With so many Afghans displaced daily, why are thousands of refugees returning to the country?
Every day in Afghanistan, families are uprooted by armed conflict. An average of 1,500 Afghans are displaced daily, according to the United Nations.
Decades of fighting and natural disasters have made Afghans one of the world’s largest refugee populations, at an estimated 2.7 million people. Just last year, more than 500,000 people fled their homes following intensified violence.
They have been fleeing fighting between the US-backed Afghan forces and the Taliban, an armed group carrying out regular attacks across the country.
Despite this, Afghanistan expects hundreds of thousands of refugees to return home this year. Many are being forced to go back by host countries fatigued by the economic and social pressures of sheltering refugees. Growing xenophobia in these countries, as well as rough living conditions in refugee camps, are just some of the other reasons for the influx of returnees.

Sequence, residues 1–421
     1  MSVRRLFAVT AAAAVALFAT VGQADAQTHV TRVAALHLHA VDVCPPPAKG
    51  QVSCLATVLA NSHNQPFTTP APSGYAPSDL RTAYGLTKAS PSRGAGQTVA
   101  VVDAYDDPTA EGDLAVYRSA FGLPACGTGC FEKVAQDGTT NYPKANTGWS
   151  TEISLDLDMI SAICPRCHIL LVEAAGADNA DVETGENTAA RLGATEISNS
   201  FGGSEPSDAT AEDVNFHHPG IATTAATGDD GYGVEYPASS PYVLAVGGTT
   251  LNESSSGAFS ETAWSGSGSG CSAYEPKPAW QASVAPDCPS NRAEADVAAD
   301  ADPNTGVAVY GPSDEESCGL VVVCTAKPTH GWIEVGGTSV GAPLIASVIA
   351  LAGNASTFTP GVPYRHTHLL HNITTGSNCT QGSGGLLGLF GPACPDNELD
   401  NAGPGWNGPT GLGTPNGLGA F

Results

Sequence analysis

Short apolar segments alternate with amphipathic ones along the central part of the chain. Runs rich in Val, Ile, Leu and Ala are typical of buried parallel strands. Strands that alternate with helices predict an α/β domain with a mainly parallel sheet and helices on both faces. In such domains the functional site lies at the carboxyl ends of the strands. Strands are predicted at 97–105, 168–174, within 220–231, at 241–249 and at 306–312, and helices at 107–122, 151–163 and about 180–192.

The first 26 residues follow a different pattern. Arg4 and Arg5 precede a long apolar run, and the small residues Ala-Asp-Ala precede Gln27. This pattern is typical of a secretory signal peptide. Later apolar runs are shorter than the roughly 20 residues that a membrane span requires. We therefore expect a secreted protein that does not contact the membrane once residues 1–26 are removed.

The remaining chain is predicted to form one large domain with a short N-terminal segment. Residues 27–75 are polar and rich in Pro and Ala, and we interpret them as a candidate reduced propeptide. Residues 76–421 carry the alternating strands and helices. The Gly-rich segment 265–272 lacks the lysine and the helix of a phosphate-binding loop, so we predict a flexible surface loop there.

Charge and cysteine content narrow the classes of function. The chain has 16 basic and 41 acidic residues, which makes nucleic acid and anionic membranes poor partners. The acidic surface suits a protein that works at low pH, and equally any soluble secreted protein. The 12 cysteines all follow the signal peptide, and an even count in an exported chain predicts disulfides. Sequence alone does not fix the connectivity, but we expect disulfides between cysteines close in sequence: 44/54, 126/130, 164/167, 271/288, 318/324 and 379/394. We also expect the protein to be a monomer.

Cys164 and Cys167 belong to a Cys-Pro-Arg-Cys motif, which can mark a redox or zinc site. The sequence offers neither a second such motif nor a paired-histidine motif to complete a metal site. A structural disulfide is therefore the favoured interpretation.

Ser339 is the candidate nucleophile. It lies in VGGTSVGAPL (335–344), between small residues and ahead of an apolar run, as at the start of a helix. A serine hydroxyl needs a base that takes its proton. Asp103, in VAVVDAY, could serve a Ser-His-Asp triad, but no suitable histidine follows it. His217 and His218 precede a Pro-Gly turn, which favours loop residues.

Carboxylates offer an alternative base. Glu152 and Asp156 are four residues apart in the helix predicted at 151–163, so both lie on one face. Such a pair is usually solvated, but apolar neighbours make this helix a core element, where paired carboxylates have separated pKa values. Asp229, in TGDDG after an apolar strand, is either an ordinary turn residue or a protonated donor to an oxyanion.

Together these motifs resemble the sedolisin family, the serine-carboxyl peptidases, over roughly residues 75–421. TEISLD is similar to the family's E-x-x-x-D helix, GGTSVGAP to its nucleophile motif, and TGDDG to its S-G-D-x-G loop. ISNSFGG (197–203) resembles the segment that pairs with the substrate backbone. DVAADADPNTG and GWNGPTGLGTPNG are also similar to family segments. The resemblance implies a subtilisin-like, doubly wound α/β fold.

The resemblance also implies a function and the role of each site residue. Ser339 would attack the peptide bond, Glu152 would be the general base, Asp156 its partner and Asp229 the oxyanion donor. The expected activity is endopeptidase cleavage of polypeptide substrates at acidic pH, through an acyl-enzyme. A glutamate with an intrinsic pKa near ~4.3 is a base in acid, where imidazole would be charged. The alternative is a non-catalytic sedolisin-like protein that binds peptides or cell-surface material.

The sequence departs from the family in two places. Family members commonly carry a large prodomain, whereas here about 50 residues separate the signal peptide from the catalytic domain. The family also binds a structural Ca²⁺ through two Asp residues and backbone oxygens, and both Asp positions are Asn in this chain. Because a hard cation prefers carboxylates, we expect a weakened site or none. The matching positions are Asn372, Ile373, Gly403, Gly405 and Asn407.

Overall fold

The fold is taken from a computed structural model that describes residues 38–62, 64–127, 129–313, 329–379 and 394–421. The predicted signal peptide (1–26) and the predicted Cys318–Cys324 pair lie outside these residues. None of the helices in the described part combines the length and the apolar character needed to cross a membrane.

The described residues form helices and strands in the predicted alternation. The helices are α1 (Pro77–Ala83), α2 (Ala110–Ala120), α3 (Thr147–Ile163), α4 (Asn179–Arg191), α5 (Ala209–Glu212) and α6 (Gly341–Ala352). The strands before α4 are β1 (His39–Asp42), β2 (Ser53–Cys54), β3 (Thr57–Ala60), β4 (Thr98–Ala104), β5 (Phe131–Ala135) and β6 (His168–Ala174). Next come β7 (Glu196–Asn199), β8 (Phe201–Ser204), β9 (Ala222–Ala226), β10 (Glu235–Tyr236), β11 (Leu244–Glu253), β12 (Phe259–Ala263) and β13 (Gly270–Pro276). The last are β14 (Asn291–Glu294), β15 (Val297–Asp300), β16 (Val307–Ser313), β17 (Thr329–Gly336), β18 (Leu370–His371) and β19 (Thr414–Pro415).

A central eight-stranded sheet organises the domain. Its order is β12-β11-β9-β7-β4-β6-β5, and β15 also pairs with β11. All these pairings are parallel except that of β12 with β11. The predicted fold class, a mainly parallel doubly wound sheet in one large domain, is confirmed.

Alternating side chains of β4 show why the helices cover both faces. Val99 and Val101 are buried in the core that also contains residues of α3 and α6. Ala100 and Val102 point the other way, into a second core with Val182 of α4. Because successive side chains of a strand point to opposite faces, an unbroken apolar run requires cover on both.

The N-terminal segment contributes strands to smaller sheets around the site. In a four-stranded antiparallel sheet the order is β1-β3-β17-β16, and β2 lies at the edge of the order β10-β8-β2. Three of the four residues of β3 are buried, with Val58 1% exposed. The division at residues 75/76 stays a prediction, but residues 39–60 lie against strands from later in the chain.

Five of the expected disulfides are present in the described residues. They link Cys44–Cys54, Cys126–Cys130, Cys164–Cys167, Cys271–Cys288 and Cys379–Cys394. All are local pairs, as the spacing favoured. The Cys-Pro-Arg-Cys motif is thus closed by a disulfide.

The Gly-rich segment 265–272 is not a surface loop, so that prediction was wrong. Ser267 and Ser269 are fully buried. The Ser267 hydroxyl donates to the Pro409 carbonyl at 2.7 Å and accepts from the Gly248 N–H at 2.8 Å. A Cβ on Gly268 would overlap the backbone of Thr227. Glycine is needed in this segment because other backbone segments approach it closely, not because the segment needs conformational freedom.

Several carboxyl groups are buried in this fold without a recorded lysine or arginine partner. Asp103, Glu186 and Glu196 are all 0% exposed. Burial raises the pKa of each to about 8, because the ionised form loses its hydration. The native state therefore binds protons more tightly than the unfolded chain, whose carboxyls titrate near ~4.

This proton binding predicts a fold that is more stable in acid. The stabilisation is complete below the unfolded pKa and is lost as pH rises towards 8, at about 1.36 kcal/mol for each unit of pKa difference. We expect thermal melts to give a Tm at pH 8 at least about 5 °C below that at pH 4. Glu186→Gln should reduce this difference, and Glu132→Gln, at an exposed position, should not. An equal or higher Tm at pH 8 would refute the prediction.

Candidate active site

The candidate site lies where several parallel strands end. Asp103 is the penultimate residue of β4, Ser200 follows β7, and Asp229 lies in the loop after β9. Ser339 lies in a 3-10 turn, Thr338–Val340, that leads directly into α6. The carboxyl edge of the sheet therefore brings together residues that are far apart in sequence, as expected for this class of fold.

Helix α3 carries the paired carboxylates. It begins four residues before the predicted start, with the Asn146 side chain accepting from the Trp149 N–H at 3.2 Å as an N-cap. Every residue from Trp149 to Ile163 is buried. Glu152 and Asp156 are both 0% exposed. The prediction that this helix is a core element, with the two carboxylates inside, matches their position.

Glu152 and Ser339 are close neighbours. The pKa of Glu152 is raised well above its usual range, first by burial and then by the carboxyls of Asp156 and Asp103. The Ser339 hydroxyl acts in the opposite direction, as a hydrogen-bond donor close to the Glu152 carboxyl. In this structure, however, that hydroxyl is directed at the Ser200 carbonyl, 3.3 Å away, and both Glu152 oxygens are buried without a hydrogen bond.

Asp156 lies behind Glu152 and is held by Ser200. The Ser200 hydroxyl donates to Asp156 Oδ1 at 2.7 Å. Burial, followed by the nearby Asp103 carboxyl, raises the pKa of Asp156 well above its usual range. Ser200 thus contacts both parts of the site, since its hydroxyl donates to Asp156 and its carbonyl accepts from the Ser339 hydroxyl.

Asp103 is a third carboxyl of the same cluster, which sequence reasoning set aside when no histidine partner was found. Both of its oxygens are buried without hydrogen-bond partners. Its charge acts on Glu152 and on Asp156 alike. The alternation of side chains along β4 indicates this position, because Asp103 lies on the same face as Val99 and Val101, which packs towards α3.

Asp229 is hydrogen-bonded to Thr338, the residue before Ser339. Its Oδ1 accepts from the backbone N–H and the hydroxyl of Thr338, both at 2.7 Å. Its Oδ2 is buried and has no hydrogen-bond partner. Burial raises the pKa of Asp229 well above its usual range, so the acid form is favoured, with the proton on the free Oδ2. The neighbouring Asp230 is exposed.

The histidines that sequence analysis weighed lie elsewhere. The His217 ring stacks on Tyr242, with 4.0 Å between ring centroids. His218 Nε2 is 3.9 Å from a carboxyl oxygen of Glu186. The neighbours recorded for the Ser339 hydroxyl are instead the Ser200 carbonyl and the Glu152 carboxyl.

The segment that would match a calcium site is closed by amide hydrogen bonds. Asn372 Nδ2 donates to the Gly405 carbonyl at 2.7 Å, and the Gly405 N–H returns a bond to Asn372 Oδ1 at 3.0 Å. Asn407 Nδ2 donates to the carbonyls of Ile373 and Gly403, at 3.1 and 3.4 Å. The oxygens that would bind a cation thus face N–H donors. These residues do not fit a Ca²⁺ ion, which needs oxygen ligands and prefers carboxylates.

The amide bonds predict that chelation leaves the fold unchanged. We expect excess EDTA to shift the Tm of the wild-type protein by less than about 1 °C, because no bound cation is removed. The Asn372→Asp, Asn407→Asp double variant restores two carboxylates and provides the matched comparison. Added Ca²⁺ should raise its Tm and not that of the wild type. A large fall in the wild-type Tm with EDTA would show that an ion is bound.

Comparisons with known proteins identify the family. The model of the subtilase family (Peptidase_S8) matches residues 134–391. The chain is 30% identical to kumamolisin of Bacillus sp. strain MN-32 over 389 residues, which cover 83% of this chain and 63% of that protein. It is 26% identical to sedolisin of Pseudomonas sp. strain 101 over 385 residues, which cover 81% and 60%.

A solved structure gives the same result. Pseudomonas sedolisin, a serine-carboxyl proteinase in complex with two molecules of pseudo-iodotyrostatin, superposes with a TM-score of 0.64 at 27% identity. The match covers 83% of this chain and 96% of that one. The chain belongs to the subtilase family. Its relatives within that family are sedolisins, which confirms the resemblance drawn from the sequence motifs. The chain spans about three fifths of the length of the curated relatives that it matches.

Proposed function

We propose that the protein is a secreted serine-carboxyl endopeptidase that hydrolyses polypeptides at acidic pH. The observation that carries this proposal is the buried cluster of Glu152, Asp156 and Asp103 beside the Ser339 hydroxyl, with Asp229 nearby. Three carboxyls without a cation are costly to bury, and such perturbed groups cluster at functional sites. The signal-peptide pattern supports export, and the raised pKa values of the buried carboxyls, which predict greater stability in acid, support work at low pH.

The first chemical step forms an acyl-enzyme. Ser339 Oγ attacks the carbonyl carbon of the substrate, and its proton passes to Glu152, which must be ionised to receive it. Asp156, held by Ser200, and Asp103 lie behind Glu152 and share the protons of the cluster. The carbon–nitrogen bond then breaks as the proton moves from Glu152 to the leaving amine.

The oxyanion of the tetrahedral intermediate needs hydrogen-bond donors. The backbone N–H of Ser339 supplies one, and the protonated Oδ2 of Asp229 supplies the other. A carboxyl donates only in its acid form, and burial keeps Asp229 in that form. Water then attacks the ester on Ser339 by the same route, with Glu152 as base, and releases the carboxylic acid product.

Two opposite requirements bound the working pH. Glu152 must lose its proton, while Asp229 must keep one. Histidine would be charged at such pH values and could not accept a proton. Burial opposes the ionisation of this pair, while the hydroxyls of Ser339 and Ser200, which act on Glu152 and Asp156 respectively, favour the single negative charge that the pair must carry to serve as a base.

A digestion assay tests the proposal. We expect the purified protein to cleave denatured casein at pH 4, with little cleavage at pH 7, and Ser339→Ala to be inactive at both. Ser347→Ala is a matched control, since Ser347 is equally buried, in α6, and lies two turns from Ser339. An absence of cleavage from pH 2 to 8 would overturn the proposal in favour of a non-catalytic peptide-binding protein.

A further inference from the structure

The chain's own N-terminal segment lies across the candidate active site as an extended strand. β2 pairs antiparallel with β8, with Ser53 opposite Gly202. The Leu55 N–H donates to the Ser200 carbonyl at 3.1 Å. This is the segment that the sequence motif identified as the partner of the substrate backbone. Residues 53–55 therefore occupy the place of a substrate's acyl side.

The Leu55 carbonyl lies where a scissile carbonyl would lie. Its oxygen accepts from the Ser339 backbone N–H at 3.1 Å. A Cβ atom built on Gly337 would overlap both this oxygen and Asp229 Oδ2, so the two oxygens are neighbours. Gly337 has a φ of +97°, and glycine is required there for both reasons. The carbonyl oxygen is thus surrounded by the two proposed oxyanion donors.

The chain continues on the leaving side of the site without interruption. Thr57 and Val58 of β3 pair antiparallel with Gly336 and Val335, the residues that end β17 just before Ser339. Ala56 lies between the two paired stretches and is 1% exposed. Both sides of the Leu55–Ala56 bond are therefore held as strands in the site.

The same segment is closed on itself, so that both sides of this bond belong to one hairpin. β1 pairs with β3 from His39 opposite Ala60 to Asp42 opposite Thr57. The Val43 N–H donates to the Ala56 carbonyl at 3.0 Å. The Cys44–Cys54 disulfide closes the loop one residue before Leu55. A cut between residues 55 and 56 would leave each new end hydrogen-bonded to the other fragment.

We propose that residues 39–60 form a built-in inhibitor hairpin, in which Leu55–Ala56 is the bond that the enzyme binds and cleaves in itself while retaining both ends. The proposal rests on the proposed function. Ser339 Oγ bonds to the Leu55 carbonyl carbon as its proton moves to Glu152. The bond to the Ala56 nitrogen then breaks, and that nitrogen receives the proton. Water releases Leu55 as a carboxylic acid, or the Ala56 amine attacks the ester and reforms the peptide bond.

The experience can be debilitating, especially for young Afghans. Many were born outside the country and will step foot in Afghanistan for the first time. Lack of education, family networks and security have proven to be a struggle for those trying to build a life. The International Organization of Migration says families often end up in camps for internally displaced people or in areas where fighting exists.
Aid groups have requested more than half a billion dollars this year to address the humanitarian crisis affecting nearly a third of the country’s population. With the conflict impacting Afghanistan’s economic stability, the country relies on aid like this to get by. But critics say it needs a long-term strategy.
The Stream looks at the life that will greet returning refugees, and the conditions of the 1.5 million Afghans who were displaced but unable to leave.
In this episode of The Stream, we speak with:
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